Fresh Bread Any Day! (Or Every day=)

I came across this wonderful bread recipe at least a year ago, and finally figured out how to use it to it’s fullest.  Well, I’m sure I’m not actually using it to it’s fullest, but I am using the recipe almost every day now!
I first saw the recipe for Fresh Bread for a Week on
This recipe is great, and yields two gorgeous round artisan loaves fit for the farmer’s market stand.  I often add some herbs or italian seasoning and sprinkle some rosemary on top to make it even more tempting, but the baking process just was too much for me to do every day, and it wasn’t really enough bread for a week for our family (yes, we love bread).  I gave out the recipe to several friends, and one of my friends later mentioned that she liked to put the dough in bread pans to bake so it would have that familiar “loaf shape” that her husband loves.  She also said they like to make pizza rolls with it, which sounds delicious.  Then my pastor’s wife shared her bread secret, which is just to add a little honey to the basic recipe, and even my 4 year old who formerly refused to eat any homemade bread loves that!  So now, the super-simplified, couldn’t get much quicker or easier, version that I have settled on (for now):


  • 3 cups Warm Water
  • 1 1/2 Tbsp Salt (we like to use salt with minerals, like himalayan pink salt)
  • 1 1/2 Tbsp Yeast
  • 2-3 Tbsp Honey (or whatever amount you like, or leave it out)
  • 5 1/2- 6 cups Flour (we like sprouted wheat or a mixture of whole grains, but if you want the “artisan boule” look and texture, I have found that turns out best with white flour.)
  • About 1 Tbsp Dried herbs, garlic, or other spice if you like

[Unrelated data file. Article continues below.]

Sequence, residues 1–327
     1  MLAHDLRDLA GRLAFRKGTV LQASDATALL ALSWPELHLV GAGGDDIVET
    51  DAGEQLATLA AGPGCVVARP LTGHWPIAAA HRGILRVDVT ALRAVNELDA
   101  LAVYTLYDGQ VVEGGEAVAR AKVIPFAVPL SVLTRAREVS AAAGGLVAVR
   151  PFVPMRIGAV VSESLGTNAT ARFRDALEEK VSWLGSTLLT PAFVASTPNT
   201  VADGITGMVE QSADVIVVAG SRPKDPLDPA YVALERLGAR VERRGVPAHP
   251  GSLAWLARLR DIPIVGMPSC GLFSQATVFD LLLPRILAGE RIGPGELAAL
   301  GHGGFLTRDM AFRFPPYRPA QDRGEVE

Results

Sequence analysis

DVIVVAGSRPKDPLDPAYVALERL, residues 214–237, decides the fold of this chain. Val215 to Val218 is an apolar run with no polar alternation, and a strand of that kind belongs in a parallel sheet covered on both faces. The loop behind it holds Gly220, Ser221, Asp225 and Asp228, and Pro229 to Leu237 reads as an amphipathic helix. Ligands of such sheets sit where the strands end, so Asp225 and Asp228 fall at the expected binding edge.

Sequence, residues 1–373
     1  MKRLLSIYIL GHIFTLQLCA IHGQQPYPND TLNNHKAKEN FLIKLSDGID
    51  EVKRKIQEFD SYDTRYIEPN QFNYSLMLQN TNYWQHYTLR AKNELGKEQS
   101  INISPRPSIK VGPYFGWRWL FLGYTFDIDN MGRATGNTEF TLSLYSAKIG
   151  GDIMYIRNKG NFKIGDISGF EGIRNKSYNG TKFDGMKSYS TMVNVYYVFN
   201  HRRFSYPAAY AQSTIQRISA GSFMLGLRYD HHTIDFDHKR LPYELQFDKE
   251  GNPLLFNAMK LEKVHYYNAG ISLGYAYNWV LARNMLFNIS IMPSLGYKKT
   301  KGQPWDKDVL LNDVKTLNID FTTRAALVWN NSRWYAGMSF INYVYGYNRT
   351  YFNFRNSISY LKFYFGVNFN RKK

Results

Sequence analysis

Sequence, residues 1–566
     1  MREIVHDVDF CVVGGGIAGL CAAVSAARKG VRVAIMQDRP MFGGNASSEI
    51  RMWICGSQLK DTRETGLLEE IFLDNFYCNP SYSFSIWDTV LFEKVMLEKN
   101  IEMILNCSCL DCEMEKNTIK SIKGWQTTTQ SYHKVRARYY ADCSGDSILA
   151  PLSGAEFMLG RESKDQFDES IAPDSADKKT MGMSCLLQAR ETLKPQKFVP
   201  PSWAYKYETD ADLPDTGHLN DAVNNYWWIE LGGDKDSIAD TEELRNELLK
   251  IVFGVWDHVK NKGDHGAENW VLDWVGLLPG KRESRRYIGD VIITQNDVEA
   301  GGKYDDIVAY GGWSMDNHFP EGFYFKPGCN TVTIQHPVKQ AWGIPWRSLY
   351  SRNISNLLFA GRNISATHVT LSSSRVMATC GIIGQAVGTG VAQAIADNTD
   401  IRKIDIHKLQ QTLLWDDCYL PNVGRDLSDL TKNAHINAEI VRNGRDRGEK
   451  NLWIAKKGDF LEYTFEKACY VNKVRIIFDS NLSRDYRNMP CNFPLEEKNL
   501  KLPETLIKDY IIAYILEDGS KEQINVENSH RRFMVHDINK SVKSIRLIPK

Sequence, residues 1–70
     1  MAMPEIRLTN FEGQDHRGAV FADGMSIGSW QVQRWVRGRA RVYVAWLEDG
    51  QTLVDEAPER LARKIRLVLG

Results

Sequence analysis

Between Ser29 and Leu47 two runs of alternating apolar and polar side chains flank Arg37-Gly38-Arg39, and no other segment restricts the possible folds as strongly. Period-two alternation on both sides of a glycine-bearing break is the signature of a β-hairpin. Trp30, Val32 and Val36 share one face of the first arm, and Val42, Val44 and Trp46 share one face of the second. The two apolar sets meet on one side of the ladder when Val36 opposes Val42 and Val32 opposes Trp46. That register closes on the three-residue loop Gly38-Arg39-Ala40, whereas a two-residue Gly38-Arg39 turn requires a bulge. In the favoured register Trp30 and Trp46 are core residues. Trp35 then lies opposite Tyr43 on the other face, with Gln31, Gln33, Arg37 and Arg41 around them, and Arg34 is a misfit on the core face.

Pour the warm water into a very large bowl, add the salt, yeast, and honey, then stir in the flour with a sturdy spoon and add herbs if desired.  The dough should not be stiff or dry or at all like regular bread dough.  It should be more like very thick muffin batter, or rather loose biscuit dough, and should conform easily to the bowl.  Cover and let rise until double (about 30 minutes to 1 hour depending on how warm your kitchen is).  At this point you can put the whole bowl in the fridge to deal with later (up to 3-4 days later) or just for a few hours to make it easy to handle, or you can be impatient like me and just tackle the sticky dough.  Sprinkle the top of the dough very generously with flour and carefully divide into two halves.  (Or, forget sprinkling flour and use a spoon to scoop the batter into your greased pans.)  Place one half of the dough in one greased bread pan and the other half in another greased bread pan, or save one half for another day by placing in the fridge.  Allow to rise while you preheat your oven to 350 degrees and then bake for about 30 minutes.  I use glass 4×8 inch pans, so if you use a different size or metal pans you may need to adjust the time or temperature.  This bread usually lasts well in a bag on the counter for 3-4 days before becoming a little dry or possibly moldy, but will last longer in the fridge.  I don’t know how well it freezes because it’s just too easy to make for me to take up freezer space with it. =) You can freeze portions of the dough, then let them thaw and rise a couple hours before baking when you want to bake a fresh loaf.